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A Problem Nobody Anticipated – Excess Solar Energy

Visitor

Well-Known Member
With 35% of homes in Southern Australia having solar arrays, there's an unanticipated problem. On sunny days, 'independent' solar arrays can supply more than 100% of the demand for power. Utilities currently have no way to control this independent production, which can lead to very bad things happening.

If more power is supplied to the grid then is being used by the grid, the voltage rises. Electronics and machinery may be damaged. At some point, the safety systems on the grid-tie inverters will trip on overvoltage en masse, with utilities unable to respond quickly enough to this step-increase in generation required, resulting in blackouts.

100% of power needs supplied by solar! A huge win! Nope, not quite....

 

shortbus=

Well-Known Member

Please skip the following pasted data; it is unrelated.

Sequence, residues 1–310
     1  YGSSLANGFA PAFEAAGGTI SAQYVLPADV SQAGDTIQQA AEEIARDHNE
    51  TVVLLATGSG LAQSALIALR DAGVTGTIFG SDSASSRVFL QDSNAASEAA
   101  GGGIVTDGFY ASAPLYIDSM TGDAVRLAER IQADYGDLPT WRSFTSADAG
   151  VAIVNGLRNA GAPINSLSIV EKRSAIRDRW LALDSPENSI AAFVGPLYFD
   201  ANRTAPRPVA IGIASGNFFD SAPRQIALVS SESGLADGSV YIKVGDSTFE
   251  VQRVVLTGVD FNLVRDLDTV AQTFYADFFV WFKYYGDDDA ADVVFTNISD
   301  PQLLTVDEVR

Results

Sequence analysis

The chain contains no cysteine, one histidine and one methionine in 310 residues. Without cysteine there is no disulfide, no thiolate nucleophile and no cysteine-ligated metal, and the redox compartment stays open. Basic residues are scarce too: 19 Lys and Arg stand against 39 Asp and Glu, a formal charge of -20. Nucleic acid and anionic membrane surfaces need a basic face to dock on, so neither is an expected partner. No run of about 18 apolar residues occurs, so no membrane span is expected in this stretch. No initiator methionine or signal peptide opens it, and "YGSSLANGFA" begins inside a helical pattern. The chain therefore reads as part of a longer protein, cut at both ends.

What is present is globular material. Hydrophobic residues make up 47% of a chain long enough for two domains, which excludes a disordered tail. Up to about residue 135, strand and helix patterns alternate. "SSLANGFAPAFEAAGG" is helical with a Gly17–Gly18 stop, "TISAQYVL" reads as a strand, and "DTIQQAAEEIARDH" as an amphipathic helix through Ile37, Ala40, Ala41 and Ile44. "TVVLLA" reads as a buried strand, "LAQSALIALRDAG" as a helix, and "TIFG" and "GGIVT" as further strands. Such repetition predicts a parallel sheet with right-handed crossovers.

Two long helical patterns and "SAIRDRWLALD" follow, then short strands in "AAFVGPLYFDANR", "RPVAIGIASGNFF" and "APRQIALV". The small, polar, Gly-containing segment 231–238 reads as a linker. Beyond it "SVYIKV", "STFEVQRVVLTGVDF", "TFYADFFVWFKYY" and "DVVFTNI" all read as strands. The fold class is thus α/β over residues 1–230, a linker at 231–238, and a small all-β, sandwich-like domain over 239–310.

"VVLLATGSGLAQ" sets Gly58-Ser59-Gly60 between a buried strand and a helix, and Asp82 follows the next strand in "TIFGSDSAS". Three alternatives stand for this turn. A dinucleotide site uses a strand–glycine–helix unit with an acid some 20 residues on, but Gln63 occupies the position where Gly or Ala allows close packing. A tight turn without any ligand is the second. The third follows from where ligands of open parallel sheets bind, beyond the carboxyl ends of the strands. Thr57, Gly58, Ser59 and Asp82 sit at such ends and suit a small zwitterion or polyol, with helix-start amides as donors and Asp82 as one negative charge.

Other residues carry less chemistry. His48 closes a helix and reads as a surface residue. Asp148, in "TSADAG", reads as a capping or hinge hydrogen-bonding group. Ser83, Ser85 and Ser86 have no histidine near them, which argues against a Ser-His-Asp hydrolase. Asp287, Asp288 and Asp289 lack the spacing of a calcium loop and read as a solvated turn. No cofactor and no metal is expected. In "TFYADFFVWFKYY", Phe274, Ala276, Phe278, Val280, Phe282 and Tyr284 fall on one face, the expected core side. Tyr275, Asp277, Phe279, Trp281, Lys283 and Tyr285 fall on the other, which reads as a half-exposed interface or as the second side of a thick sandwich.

Most Helpful Member
Great for you Aussies:) At least with solar you don't get cancer from the windmill noise. Some one much loved here said that, the CheetoJesus, he is still worshiped by some.
 

gophert

Well-Known Member
Most Helpful Member
The same problem has existed in Germany for some time. Some years ago, Germany had to "sell" their excess power to Poland to accommodate all the obligations the country had made with wind-turbine owners. They were "selling" so much power to Poland that Germany was PAYING Poland to take the power back in 2016.
Looking into more recent reports show similar issues still exist... along with a weak grid that allows wind energy made in the North to be pushed to industrial centers in Southern Germany.

 

Diver300

Well-Known Member
Most Helpful Member
There have been issues like that in the UK, with too much wind power overnight.

The nuclear power stations don't like to vary the power. The wind turbines don't have fuel costs so they will keep running until the price goes negative in order to encourage them to turn off. Any power station that pays for fuel, or can store fuel, and can turn off quickly, will have shut down.

Dinorwig Power Station was happy to be paid to take electricity from the grid, and then sell 75% of it back again when the price was positive. The problem is that finding somewhere to store 7 million tonnes of water, 600 m up a hill, is quite difficult.